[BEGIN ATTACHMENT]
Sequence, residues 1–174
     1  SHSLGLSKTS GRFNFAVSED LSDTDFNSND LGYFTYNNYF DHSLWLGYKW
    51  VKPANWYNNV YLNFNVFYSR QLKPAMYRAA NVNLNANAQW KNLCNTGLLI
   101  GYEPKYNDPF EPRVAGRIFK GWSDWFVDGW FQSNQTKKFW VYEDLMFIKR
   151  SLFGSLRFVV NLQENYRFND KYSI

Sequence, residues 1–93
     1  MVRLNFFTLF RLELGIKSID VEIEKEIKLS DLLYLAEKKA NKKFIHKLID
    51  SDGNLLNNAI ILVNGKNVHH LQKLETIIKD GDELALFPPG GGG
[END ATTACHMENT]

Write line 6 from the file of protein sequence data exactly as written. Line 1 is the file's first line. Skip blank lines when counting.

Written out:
Sequence, residues 1–93